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2nd Attempt at Basic Sourdough Bread, 2 questions...

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bakebakebake's picture
bakebakebake

2nd Attempt at Basic Sourdough Bread, 2 questions...

Hi everyone!

I'm making my second attempt in a couple days at basic sourdough and have 2 specific questions:

1)  WETTER DOUGH:  I have seen many references to "wetter dough" making larger holes (I know there is a better term for this).  By "wetter" are we talking about stickier?  When I made BBA Basic Sourdough last week I used just enough water to get the flour to come together with the firm starter.  When I transfered it to the board to knead, I had it floured as well and the dough took up that flour and became sticky again and I added more flour.  Was this a mistake?  Is there a way to prevent the dough from sticking to my hands and the board after the initial flour has been kneaded in?  I think my mom puts crisco or lard on her counter before the flour when she is rolling pie dough... would this work here?  I also had to knead longer than he suggested (he said 12-15, I think I ended up at about 18-20 min), I chalked this up to my kneading skills being rusty.  I was looking for that windowpane and also the temp of the dough to be 81 degrees (which I accomplished with the 18-20 min)

2)  KOSHER SALT:  I think I read somewhere the kosher salt is 1/2 the "saltiness" of regular iodized salt.  If I'm using kosher salt, should I double it?  Is their a reason to use kosher salt over iodized, or for that matter, sea salt versus kosher versus regular salt?

Thanks again for everyone's help - I made some sourdough english muffins a couple of nights ago with some of my starter too (also had a question about wetter dough with them as well!)!

-Hilary 

jeffesonm's picture
jeffesonm

1) I have no idea here... whenever I make a wet dough my hands and counter get covered in sticky bread dough that I scrape off and put back into the bread.  Eventually as the dough comes together it gets better.  Maybe someone else has a secret method?

 

2)  Kosher salt, at least the Diamond brand, has bigger crystals compared to table salt so less fit in a given volume.  If you have a scale, go by weight.  If not, I would try maybe 50% more and go from there.

PaddyL's picture
PaddyL

I did that yesterday when I was working with a rather wet dough.  You may need to keep wetting them, but it eventually does work out, and you could always add a little extra flour.

dmsnyder's picture
dmsnyder

Hi, bakex3. 

The technical term for "wetter" is "higher hydration." Hydration is usually expressed as the percent water by weight with the percent flour always being 100%. This method of calculating proportions of ingredients is called "bakers' percentage." So, if you have a dough with 16 oz of flour and 12 oz of water, it would be a 75% hydration dough.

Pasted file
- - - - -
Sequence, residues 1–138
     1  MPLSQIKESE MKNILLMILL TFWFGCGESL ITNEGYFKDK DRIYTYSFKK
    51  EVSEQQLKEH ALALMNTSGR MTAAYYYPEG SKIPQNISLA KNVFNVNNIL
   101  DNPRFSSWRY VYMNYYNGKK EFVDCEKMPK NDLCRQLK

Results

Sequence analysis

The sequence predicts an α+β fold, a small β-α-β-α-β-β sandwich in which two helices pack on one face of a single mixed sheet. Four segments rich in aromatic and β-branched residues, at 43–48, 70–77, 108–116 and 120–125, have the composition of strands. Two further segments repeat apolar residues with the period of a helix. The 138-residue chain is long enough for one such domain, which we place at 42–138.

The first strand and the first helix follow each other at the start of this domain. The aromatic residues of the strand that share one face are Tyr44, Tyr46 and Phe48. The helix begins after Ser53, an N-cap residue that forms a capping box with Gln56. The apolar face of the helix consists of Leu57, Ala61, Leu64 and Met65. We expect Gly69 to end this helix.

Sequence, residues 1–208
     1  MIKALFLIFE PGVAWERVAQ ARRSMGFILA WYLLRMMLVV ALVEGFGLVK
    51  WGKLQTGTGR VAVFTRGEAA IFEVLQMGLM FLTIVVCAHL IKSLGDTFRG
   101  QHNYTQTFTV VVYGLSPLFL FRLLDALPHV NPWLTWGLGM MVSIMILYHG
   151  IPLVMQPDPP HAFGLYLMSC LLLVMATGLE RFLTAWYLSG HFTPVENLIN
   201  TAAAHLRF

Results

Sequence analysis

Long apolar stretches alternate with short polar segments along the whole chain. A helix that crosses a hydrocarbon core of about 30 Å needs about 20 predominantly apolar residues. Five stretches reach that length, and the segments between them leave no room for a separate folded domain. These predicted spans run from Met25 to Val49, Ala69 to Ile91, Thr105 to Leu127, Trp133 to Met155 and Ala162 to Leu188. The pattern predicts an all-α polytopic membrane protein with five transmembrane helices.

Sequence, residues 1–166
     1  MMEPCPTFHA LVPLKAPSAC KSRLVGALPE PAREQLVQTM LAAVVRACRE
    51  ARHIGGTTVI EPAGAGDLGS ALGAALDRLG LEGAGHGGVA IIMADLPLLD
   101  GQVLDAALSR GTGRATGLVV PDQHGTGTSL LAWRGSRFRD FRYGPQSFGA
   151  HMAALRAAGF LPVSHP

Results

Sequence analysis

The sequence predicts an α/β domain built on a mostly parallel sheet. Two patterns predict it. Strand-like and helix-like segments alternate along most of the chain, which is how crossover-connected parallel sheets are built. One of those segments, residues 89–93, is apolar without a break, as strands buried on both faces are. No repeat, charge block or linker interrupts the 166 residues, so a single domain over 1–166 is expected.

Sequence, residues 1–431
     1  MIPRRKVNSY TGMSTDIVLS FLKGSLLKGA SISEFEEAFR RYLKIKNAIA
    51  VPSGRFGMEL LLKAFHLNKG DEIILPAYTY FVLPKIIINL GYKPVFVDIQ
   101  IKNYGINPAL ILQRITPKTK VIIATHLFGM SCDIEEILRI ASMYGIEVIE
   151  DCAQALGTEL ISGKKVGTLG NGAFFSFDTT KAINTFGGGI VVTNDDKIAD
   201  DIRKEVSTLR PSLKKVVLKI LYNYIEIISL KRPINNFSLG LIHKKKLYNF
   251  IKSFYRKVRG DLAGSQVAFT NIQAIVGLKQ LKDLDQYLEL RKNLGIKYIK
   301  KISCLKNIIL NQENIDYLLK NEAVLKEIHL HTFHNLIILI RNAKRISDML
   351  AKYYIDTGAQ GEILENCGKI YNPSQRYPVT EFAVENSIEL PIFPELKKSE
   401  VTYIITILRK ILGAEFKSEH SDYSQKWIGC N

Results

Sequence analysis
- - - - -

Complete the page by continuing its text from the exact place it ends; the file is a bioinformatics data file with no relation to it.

Generally, when making breads with white flour, a dryer dough would be 62-67% hydration. High hydration doughs, often also called "slack" doughs, might have 70% hydration or higher. 

As I recall, the "Basic Sourdough" in BBA is about 65% hydration. This dough should be relatively dry - "tacky," but not "sticky." 

One way to avoid adding too much flour while kneading is to mix the water and flour first (before adding the starter and salt) and allowing this mixture to rest for 20 minutes or so in a covered bowl. This allows the flour to absorb the water completely and for the gluten to start to develop. You can also let the dough rest every few minutes during kneading to let the gluten relax. As you knead, you should work through the sticky phase and get a smooth dough (at 65% hydration. Slack doughs require different methods.), as PaddyL says. 

Hope this helps. 

David

Janedo's picture
Janedo

I admit that I like to kneed high hydration dough in the bread machine because I never have to add flour and it comes out perfectly. I do that for my baguettes and when I'm experimenting with high hydration sourdough. Otherwise the tackiness drives me crazy!

Larry Clark's picture
Larry Clark

especially with high hydration doughs. Use a good amount of flour on your work surface and use a dough scraper to stretch the dough. Wet fingers help a great deal when working with wet doughs. I use stretch and fold with all my breads.

Here's a link to the video

http://www.sourdoughhome.com/stretchandfold.html

Larry

bakebakebake's picture
bakebakebake

I made the firm starter yesterday, so today I'll try to mix the sourdough using less flour than my last attempt.  I will try the stretch and fold method and let it rest every bit so that it can accept the water.  I'm using 10 oz of flour (it's just one small loaf), so I'm going to aim for 7 oz of water - (70% hydration).  I think I'll make it 9 oz bread flour and 1 oz whole wheat.

As for the salt question - I have been measuring everything by weight, so I should be fine - and I think that I'll just use regular salt anyways as no one has seemed to think that it makes any difference.

Thanks for all the helpful comments, I'll let you know how it goes and try to take a photo when it's finished tomorrow.  I'm going to retard it overnight in the fridge.

-Hilary